METHODS: This is a mixed methods study. Learners completed a questionnaire pre- (n=452), immediately post- (n=488) and 3 to 8 months post- (n=37) intervention. The questionnaire measured learner confidence in EoLC covering the National Health Service adopted 'Priorities for the Care of the Dying Person'. Paired t-tests were used to determine statistically significant difference in learner confidence pre- and post-intervention. A convenience sample of learners (n=7) and educators (n=5) were recruited to qualitative semi-structured interviews that sought to understand if, how and why Milestones worked. Data were analysed using a thematic approach.
RESULTS: A statistically significant increase in learner confidence across all five priorities of care' was sustained up to 8 months (p<0.001). Interviewees wanted to discuss wider challenges in EoLC related to the organisations and cultural contexts in which they worked. Concerns included balancing hope when decision-making, learning as a multidisciplinary team and emotional impact.
CONCLUSION: The findings suggest that Milestones is a flexible, beneficial resource for teaching EoLC that facilitates enhanced learner engagement. Understanding generated about wider concerns can inform future educational material development, organisational process and research study design.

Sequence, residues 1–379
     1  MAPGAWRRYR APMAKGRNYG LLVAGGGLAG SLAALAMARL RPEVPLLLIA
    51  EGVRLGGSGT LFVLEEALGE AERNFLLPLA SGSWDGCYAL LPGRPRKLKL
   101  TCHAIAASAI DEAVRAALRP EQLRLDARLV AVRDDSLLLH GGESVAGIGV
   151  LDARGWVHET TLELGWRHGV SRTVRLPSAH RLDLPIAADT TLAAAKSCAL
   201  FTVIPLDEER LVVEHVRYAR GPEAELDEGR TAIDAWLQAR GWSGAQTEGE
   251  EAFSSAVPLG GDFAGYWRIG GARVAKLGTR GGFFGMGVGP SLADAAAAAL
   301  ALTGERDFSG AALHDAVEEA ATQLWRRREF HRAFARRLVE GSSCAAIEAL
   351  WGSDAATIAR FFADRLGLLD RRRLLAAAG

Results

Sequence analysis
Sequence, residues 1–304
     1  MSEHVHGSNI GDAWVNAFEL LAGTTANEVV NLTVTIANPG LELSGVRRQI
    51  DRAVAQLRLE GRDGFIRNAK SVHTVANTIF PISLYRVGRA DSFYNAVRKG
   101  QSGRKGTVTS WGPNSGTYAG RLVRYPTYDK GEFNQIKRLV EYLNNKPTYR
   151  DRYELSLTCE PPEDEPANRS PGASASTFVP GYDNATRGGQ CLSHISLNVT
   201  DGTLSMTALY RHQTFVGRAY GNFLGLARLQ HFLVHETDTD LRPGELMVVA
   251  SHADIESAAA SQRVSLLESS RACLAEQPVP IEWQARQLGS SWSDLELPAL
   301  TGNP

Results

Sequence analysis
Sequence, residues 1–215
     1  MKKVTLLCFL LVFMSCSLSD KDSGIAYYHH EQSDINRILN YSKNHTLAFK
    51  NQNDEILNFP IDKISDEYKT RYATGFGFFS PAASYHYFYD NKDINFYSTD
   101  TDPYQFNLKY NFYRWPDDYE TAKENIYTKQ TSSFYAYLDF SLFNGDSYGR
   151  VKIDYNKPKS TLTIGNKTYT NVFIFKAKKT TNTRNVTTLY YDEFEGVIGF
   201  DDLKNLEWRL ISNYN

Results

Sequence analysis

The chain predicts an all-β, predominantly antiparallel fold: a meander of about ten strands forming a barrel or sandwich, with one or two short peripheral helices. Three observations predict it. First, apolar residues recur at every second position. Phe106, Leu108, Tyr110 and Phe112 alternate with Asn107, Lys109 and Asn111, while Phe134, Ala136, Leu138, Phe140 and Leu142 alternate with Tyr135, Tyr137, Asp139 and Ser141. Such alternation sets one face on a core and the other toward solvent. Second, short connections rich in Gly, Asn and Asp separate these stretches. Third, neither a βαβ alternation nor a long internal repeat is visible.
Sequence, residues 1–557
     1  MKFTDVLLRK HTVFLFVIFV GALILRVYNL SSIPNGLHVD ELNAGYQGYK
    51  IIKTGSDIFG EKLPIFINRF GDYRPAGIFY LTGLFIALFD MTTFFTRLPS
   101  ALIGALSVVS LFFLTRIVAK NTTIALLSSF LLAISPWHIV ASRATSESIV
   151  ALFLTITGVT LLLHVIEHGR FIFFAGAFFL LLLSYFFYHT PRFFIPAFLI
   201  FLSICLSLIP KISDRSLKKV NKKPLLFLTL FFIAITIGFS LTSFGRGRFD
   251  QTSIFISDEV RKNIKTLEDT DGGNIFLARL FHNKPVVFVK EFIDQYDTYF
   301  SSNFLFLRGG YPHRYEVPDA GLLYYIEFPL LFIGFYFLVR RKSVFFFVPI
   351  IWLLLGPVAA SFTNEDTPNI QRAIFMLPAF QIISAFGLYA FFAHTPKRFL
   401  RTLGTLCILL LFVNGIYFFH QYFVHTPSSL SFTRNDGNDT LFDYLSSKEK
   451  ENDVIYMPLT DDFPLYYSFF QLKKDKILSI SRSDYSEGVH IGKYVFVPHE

OBJECTIVE: The concept of a good death is a motivating factor for end of life care policy; this article examines what English end-of-life care (EOLC) policy defines as a good death.
METHODS: Critical discourse analysis of policy documents and policy-promoting materials published between 2008 and 2016.
RESULTS: Policy explicitly defines a good death as having the following attributes: being treated as an individual, with dignity and respect; being without pain and other symptoms; being in familiar surroundings and being in the company of close family and/or friends. Critical discourse analysis of 54 documents found that rather than just being an outcome or event, descriptions of what makes a death good also include many processes. A more extended definition includes: the person receives holistic EOLC; the dying person is treated with dignity and respect; the death is not sudden and unexpected; people are prepared and have ideally done some advance care planning; people are aware that someone is dying and openly discuss this; on knowing the dying person's preferences, all involved are to work towards achieving these; the place of death is important; the person's family are involved and the needs of the bereaved are considered.